Also speaking on the project, the Minister of State for Petroleum Resources (Gas) Rt. Hon. Ekperikpe Ekpo, expressed satisfaction with the pace of work at the OB3 River Niger Crossing operation, describing it as “Renewed Hope at work.”

“I was here last year and I saw the work that was going on. There was a promise that it would be completed by December last year. I took it with a doubt. But today, from what I can see, I am confident that by July or August it will be completed and it will be commissioned by the President,” the Minister stated.

On her part, the Special Adviser to the President on Energy, Olu Verheijen, said she was looking forward to the completion of the project having been assured by the technical team that the right technology has been found to resolve the complex challenges of the River Niger Crossing.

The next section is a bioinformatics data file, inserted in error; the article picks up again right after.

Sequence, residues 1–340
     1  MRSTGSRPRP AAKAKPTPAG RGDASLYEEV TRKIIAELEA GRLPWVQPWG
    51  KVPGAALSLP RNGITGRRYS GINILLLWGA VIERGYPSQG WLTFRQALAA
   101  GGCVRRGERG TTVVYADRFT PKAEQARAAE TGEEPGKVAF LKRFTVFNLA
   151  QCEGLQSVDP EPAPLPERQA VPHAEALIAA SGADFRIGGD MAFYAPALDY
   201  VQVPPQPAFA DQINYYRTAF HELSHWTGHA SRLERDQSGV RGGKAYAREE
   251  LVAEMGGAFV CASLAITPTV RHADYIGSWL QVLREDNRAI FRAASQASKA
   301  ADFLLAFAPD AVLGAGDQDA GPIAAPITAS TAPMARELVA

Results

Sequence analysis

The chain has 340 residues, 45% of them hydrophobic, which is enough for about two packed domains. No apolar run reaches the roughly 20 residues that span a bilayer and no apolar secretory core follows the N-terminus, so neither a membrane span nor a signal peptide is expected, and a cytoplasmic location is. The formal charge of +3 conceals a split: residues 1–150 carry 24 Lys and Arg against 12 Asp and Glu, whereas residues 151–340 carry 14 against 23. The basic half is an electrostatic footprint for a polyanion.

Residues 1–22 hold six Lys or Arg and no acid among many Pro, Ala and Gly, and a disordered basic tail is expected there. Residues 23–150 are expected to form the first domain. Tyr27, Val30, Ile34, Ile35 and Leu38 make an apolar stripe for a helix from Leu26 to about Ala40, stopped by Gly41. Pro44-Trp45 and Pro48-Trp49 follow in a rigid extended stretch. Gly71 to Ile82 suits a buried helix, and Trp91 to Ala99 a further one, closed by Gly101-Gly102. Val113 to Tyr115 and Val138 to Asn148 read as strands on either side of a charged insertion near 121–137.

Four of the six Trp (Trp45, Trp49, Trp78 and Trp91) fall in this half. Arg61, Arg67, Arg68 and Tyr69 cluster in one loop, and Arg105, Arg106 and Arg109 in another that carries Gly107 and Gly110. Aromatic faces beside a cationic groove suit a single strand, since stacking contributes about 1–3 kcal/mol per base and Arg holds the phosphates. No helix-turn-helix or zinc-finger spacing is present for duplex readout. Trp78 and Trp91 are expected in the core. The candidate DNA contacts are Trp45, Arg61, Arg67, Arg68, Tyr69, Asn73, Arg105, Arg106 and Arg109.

“As the Minister and other speakers have said, we are looking forward to having this project deliver prosperity to Nigerians in the form of electricity and other areas,” Verheijen said.

The Managing Director of Tunnel Service Group (TSG), one of the contractors to the project, Mr. Ingo Justen, who is personally on ground to supervise the project on the request of the GCEO, expressed confidence that the current technology being applied in the execution of the project would lead to its speedy conclusion.

In a presentation earlier, the Managing Director of NNPC Gas Infrastructure Company (NGIC), Engr. Seyi Omotowa, disclosed that at the rate of progress with the new technology deployed, the River Niger Crossing operation, which is the only aspect of the OB3 Gas Pipeline Project left, will be achieved on schedule.

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Nigerian energy firm to build mega LPG Facility in Kenya